without daring to touch it at all hi any effort at ex
plaining its awful nature, I have referred the various
phenomena of electricity, heat, light, magnetism ; and,
more, of vitality, consciousness, and thought in a
word, of spirituality. It will be seen at once, then,
that the ether thus conveyed is radically distinct from
the ether of the astronomers, inasmuch as theirs is
matter and mine not.

With the idea of material ether, seems, thus, to have
departed altogether the thought of that universal ag
glomeration so long predetermined by the poetical
fancy of mankind, an agglomeration in which a
sound philosophy might have been warranted in put
ting faith, at least to a certain extent, if for no other
reason than that by this poetical fancy it had been so
predetermined. But so far as astronomy, so far as
mere physics, have yet spoken, the cycles of the uni
verse have no conceivable end. Had an end been
demonstrated, however, from so purely collateral a


cause as an ether, man's instinct of the Divine capacity
to adapt would have rebelled against the demonstra
tion. We should have been forced to regard the uni
verse with some such sense of dissatisfaction as we
experience in contemplating an unnecessary complex
work of human art. Creation would have affected us
as an imperfect plot in a romance, where the denoue'
ment is awkwardly brought about by interposed
incidents external and foreign to the main subject, in
stead of springing out of the bosom of the thesis, out
of the heart of the ruling idea ; instead of arising as a
result of the primary proposition, as inseparable and
inevitable part and parcel of the fundamental concep
tion of the book.

What I mean by the symmetry of mere surface will
now be more clearly understood. It is simply by the
blandishment of this symmetry that we have been
beguiled into the general idea of which Madler's hy
pothesis is but a part, the idea of the vortical indraw-
ing of the orbs. Dismissing this nakedly physical
conception, the symmetry of principle sees the end of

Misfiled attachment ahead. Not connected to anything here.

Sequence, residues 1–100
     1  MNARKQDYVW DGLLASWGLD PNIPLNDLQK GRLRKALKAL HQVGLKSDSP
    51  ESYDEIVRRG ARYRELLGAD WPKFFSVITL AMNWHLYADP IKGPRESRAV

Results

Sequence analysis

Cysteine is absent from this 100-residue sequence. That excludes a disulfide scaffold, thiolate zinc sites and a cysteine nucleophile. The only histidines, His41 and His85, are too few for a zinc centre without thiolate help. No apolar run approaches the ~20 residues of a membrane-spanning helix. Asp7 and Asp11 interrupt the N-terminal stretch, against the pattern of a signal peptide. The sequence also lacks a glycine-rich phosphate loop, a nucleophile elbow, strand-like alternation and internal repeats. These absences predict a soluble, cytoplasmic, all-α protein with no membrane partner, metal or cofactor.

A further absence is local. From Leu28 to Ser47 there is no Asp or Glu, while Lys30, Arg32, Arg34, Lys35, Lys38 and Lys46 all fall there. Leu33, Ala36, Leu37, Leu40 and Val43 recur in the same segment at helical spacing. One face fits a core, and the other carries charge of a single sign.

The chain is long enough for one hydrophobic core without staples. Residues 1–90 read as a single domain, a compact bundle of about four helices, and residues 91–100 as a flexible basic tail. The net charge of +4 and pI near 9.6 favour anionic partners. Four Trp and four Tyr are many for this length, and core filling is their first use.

all things metaphysically involved in the thought of a
beginning; seeks and finds in this origin of all things
the rudiment of this end ; and perceives the impiety of
supposing this end likely to be brought about less
simply, less directly, less obviously, less artistically,
than through the reaction of the originating Act.

Recurring, then, to a previous suggestion, let us


understand the systems, let us understand each star
with its attendant planets, as but a Titanic atom exist
ing in space with precisely the same inclination for
unity which characterized, in the beginning, the actual
atoms after their irradiation throughout the universal
sphere. As these original atoms rushed toward each
other in generally straight lines, so let us conceive as
at least generally rectilinear the paths of the system-
atoms toward their respective centres of aggregation;
and in this direct drawing together of the systems into
clusters, with a similar and simultaneous drawing to
gether of the clusters themselves while undergoing
consolidation, we have at length attained the great
Now, the awful present, the existing condition of the

Of the still more awful future a not irrational an
alogy may guide us in framing an hypothesis. The
equilibrium between the centripetal and centrifugal
forces of each system being necessarily destroyed upon
attainment of a certain proximity to the nucleus of the
cluster to which it belongs, there must occur, at once,
a chaotic, or seemingly chaotic, precipitation of the
moons upon the planets, of the planets upon the suns,
and of the suns upon the nuclei ; and the general re
sult of this precipitation must be the gathering of the
myriad now-existing stars of the firmament into an
almost infinitely less number of almost infinitely su
perior spheres. In being immeasurably fewer, the


worlds of that day will be immeasurably greater than
our own. Then, indeed, amid unfathomable abysses
will be glaring unimaginable suns. But all this will
be merely a climatic magnificence foreboding the great
end. Of this end the new genesis described can be
but a very partial postponement. While undergoing
consolidation, the clusters themselves, with a speed
prodigiously accumulative, have been rushing toward
their own general centre, and now, with a thousand
fold electric velocity, commensurate only with their
material grandeur and with the spiritual passion of
their appetite for oneness, the majestic remnants of
the tribe of stars flash, at length, into a common em
brace. The inevitable catastrophe is at hand.

But this catastrophe what is it ? We have seen
accomplished the ingatherings of the orbs. Hence
forward, are we not to understand one material globe
of globes as constituting and comprehending the uni
verse ? Such a fancy would be altogether at war with
every assumption and consideration of this discourse.